How Can Reduction and Compression Technologies Solve Insufficient Bandwidth?

Three methods for optimizing a wide area network.

The proliferation of apps assuming LAN speeds has put pressure on WAN sites that don’t enjoy unlimited bandwidth.

Data compression is a key technology for reducing such stress. It works well for most data, except for real-time multimedia – such as Voice over IP (VoIP) or video conferencing — which are already compressed and can’t benefit from simple compression techniques.

WAN optimization products implement compression in many ways, including:

Standard compression

This method takes streams of data and sends a reduced version of the content across the circuit, saving bandwidth. Standard compression in a WAN environment has many subtleties, including the choice of algorithm, how compression works across streams, and the interaction between compression and encrypted traffic.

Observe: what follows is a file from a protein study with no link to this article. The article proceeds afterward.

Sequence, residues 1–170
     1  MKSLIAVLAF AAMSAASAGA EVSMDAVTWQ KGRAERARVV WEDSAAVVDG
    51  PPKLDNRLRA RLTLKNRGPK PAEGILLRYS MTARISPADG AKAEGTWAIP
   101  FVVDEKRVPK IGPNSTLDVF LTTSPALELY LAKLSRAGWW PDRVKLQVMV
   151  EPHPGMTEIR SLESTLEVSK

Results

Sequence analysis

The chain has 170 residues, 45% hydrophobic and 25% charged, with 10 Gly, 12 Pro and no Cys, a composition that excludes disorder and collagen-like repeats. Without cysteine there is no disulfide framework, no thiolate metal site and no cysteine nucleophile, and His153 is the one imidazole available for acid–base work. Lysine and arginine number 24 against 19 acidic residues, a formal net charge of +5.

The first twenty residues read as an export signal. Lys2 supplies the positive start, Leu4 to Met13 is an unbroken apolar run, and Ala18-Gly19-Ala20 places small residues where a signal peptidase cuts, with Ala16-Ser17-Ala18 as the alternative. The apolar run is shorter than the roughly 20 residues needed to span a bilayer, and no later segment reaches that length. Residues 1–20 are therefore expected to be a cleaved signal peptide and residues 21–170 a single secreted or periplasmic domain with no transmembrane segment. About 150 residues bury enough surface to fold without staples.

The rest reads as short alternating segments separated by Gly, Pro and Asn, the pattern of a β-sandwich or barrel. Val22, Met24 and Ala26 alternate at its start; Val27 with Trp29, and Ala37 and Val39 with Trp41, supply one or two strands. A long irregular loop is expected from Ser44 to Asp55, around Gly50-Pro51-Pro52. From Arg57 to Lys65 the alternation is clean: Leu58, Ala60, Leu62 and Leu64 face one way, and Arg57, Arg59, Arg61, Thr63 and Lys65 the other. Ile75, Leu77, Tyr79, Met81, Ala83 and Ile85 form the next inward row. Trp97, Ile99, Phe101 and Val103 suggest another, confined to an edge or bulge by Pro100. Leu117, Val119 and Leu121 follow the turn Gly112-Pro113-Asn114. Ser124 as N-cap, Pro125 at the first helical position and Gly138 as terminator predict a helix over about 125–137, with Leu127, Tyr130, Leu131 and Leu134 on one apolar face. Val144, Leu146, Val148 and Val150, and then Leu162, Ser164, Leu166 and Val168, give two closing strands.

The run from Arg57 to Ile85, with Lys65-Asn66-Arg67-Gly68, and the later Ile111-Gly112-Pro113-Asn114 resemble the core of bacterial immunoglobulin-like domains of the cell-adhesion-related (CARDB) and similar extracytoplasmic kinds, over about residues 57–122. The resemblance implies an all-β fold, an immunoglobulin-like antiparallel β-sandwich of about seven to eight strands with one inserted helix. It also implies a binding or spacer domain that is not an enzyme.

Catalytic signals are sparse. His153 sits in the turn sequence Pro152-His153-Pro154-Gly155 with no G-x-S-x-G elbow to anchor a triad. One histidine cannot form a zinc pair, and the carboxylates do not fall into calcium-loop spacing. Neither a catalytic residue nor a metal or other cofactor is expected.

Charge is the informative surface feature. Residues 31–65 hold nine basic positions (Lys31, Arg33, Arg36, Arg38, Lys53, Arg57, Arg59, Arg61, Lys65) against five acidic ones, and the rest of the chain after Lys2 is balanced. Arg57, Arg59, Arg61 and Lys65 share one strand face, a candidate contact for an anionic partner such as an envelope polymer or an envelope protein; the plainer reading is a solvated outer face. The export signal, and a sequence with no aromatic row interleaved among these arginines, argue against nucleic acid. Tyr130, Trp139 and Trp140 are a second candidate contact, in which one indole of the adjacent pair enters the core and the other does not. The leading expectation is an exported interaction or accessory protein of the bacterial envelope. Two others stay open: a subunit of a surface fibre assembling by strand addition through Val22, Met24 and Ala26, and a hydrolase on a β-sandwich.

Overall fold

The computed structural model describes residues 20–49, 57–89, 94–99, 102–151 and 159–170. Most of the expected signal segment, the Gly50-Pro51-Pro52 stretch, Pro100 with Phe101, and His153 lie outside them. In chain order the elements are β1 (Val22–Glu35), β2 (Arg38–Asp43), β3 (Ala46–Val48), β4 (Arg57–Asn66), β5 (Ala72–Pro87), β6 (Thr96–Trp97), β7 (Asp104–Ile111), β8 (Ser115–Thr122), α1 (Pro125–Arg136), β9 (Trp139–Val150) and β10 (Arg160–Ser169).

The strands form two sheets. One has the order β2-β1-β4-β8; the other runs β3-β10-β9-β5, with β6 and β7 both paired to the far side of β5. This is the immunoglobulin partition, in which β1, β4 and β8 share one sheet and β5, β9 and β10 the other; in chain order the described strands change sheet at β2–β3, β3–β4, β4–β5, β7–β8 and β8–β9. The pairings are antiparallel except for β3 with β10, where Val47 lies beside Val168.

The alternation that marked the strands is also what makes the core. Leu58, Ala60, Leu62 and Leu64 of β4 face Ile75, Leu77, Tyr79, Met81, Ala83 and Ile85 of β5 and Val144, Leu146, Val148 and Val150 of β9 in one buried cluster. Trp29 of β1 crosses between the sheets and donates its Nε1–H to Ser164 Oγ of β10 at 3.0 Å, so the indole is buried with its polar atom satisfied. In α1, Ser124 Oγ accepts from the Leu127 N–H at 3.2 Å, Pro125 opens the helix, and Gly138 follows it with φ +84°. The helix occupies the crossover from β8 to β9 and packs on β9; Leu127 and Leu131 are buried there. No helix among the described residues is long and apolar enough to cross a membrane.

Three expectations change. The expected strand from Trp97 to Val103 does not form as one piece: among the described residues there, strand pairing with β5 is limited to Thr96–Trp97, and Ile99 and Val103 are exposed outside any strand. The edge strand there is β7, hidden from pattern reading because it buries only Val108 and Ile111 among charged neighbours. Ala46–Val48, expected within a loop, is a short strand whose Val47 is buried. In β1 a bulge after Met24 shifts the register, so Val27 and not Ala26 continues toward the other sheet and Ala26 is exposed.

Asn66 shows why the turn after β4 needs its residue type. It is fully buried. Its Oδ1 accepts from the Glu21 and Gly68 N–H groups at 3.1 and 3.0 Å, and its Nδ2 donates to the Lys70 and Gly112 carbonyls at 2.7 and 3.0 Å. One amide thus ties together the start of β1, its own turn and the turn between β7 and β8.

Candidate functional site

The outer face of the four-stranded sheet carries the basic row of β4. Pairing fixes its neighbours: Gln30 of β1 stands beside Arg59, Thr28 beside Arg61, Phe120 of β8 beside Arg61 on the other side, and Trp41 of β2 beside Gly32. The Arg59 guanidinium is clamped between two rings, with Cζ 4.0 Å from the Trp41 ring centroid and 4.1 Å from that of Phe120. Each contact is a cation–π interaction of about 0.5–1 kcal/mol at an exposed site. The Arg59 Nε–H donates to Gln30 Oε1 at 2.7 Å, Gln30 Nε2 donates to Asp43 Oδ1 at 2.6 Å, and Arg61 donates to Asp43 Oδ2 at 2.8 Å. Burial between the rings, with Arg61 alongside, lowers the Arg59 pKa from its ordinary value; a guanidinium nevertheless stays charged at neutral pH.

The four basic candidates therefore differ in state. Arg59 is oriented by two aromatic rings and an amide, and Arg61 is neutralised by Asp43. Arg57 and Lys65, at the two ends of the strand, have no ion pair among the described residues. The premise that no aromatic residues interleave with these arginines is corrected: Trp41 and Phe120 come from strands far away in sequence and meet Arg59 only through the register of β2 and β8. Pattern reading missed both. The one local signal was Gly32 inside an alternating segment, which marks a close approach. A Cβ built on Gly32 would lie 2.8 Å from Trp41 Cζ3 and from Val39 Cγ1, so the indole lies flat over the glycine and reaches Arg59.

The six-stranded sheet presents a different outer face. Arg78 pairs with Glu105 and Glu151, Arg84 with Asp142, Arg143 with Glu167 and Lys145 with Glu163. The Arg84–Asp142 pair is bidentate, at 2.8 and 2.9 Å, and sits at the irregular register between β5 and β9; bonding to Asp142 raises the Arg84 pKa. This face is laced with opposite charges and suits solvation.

This technique reduces data by maintaining a stored version of recently requested data objects (typically, files or email attachments) at the remote side of the connection. If a data object is requested a second (or third, or fourth) time and it is in the cache, then that copy is returned, eliminating the need to re-transmit the object from the central site to the remote site.

Caching is especially useful in environments where file sharing is done across the WAN (using programs such as SharePoint, protocols such as Server Message Block), or where the email server (typically Exchange) is located at the central site and not the remote site.


This approach reduces data by detecting duplication in streams of bytes. Deduplication is a term from the world of storage and backup systems — think of all those nearly identical copies of the C:\WINDOWS\DIRECTORY in a typical backup server and it’s easy to understand the benefit of deduplication.

The actual details pertaining to which of these algorithms is used and whether the vendor calls it caching or deduplication is mostly irrelevant. One important difference is that caching nearly always requires a hard disk of some sort to hold cached data, while deduplication is handled on the fly without any persistent storage.

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<p>Ingram Publishing/Thinkstock</p>
May 13 2013